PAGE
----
The Loneliest Highway
I love road trips. In a perfect world, I would always have the time, means, and energy to just ride a bicycle everywhere, even destinations hundreds of miles away. But there's also something special about getting behind the wheel of a vehicle and piloting it across states, absorbing large swaths of scenery and chunks of local culture along the way.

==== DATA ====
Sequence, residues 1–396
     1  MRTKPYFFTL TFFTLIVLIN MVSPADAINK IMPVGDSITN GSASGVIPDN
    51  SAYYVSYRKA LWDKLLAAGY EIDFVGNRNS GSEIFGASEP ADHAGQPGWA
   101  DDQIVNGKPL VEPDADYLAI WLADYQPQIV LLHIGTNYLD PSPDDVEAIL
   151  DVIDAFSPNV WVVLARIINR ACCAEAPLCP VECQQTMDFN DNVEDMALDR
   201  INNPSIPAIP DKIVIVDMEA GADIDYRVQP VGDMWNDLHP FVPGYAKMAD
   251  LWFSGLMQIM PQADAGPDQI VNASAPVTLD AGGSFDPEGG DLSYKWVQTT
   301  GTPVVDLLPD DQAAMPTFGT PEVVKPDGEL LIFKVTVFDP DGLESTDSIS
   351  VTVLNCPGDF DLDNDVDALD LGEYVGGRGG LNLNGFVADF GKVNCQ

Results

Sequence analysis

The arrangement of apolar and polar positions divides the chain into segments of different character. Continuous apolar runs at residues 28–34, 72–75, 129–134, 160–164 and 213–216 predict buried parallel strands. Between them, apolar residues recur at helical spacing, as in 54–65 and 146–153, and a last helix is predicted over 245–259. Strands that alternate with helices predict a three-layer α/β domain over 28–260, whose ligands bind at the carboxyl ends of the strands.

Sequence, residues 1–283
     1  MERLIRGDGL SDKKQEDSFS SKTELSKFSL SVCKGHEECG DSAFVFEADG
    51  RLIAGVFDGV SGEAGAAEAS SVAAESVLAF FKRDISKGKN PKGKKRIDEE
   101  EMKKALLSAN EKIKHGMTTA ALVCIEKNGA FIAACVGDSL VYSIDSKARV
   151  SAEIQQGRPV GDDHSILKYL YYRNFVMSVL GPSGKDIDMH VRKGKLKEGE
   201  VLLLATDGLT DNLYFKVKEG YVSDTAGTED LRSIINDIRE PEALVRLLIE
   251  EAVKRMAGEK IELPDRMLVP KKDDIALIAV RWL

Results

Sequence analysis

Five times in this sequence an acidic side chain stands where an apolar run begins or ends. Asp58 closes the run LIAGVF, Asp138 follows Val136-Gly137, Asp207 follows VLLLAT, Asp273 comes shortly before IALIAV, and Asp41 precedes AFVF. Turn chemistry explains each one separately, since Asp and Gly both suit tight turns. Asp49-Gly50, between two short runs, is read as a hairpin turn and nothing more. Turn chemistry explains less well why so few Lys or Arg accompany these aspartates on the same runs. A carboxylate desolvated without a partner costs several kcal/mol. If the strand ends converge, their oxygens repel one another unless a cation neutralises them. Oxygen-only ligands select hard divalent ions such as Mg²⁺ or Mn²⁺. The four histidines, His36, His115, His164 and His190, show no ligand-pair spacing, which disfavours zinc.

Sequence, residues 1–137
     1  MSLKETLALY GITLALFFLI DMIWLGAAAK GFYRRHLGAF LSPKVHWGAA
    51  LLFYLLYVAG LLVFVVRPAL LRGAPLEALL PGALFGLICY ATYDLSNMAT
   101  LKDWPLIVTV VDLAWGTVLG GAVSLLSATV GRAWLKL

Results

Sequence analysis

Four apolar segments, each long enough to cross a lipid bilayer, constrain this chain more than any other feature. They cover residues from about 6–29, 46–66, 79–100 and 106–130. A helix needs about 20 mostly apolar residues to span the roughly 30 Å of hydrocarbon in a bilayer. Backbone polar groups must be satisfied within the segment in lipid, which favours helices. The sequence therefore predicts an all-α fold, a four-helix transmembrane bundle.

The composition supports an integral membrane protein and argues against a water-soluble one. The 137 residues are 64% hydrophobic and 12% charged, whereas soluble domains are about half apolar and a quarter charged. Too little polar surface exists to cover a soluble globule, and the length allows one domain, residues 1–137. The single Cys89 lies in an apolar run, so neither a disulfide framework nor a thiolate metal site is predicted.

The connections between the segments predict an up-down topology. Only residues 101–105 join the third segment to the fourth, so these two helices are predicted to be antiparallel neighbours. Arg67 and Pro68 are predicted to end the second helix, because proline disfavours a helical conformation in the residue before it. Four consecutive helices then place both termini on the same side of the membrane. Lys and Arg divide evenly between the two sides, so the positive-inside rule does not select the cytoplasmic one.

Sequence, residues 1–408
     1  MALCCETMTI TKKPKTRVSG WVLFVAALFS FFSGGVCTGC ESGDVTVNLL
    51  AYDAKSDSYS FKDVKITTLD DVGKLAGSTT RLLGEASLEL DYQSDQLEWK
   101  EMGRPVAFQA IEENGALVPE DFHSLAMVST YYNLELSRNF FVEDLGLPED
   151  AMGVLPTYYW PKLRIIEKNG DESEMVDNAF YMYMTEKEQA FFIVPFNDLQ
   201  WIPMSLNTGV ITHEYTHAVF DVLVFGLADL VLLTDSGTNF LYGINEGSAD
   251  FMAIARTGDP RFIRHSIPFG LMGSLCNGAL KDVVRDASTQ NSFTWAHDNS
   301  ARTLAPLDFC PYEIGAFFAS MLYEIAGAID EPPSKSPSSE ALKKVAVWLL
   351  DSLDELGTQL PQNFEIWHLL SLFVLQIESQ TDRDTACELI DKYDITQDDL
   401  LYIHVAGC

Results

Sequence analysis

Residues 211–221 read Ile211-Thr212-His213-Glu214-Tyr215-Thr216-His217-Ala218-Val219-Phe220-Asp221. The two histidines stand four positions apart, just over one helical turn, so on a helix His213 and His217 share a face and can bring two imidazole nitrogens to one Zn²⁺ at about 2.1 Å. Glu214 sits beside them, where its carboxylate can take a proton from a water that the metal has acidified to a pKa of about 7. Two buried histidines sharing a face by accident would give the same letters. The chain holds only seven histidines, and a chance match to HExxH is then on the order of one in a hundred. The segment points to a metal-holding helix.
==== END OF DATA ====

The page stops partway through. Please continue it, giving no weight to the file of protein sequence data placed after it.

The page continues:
I've driven all over the North American West during the past ten years, and one of my favorite crossings is Northern Nevada. This segment of Interstate 80 is often described as the most monotonous, least engaging highway in the United States, with nothing but wide-open desert plains and distant barren mountains as far as the eye can see. I disagree with this assessment wholly, but then again these are my kind of landscapes — sweeping and mysterious, with adventurous intrigue lingering on the distant horizons. Still, the twelve-plus hours it takes to drive 800 miles between Los Altos and Salt Lake City is a lot of time to spend in a car by myself. To avoid the boredom sleepies, I keep myself engaged by stopping to take short walks and shoot some photos. This is my photo essay from the California-to-Utah commute.